Criminalizing marijuana and declaring the war on drugs in 1973 was a political strategy to discredit people who opposed the Vietnam War and give the government a means of disrupting their organizations.
Do you like Adam Ruins Everything? Enjoy Adam Conover’s take on the history of the criminalization of marijuana in the U.S. He explains, as only he can, how an extreme propaganda campaign spearheaded by the Bureau of Narcotics succeeded in getting Congress to ban marijuana in 1937, and how Nixon refused to decriminalize it in the 70s because he thought anti-marijuana laws could be used as a political tool against certain social and ethnic groups.
Harry Anslinger, the first commissioner of the Federal Bureau of Narcotics, had worked in the Bureau of Prohibition. When Prohibition ended, he demonized marijuana as a way of making his job important. Illegal drugs were targeted by the U.S. Treasury, not because they were believed to be harmful, but because they could not be taxed. Anslinger took to the airwaves, claiming that marijuana caused insanity and spreading fear and alarm. In 1937, Congress passed the Marihuana Tax Act, imposing tax in the sale of marijuana.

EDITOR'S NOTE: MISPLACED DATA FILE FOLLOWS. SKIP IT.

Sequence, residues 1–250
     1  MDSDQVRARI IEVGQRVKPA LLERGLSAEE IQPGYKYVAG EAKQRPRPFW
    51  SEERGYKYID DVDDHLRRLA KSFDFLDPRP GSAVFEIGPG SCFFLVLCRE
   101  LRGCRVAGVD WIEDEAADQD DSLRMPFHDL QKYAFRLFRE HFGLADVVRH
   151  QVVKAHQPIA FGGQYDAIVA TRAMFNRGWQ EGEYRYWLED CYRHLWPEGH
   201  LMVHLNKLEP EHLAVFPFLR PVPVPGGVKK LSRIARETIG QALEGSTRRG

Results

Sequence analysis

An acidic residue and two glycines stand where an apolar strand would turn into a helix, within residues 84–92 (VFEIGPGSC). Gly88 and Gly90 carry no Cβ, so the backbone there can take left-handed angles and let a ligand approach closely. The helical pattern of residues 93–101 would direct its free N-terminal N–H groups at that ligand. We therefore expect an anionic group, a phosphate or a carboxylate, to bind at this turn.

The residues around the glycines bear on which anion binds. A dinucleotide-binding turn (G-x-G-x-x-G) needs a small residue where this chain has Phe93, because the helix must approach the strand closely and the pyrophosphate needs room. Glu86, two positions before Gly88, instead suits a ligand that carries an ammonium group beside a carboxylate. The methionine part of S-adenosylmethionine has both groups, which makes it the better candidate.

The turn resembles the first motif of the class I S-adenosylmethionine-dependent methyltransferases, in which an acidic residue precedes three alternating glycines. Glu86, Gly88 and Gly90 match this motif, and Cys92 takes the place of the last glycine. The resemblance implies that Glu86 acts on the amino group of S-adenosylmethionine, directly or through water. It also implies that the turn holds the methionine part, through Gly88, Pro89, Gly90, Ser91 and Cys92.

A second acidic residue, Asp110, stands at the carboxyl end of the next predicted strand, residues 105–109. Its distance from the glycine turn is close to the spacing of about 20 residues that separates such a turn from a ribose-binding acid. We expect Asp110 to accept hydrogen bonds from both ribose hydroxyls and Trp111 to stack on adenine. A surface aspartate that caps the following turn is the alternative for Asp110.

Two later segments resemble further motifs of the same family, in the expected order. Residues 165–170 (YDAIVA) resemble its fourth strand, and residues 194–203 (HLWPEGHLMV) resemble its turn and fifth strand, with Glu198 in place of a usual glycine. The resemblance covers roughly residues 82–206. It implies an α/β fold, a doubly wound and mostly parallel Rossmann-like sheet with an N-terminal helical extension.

In 1970, President Nixon signed Controlled Substances Act (CSA) into law, imposing prison sentences for the possession and sale of illegal drugs. The CSA defines five schedules (I-V) that classify drugs based upon their abuse potential, medical applications, and safety. Marijuana was incorrectly placed in Schedule 1, for drugs with no currently accepted medical use and a high potential for abuse. Not only did this unfairly condemn many marijuana users to prison sentences for possessing small amounts of marijuana, but it effectively blocked large-scale scientific research on the benefits of medical marijuana.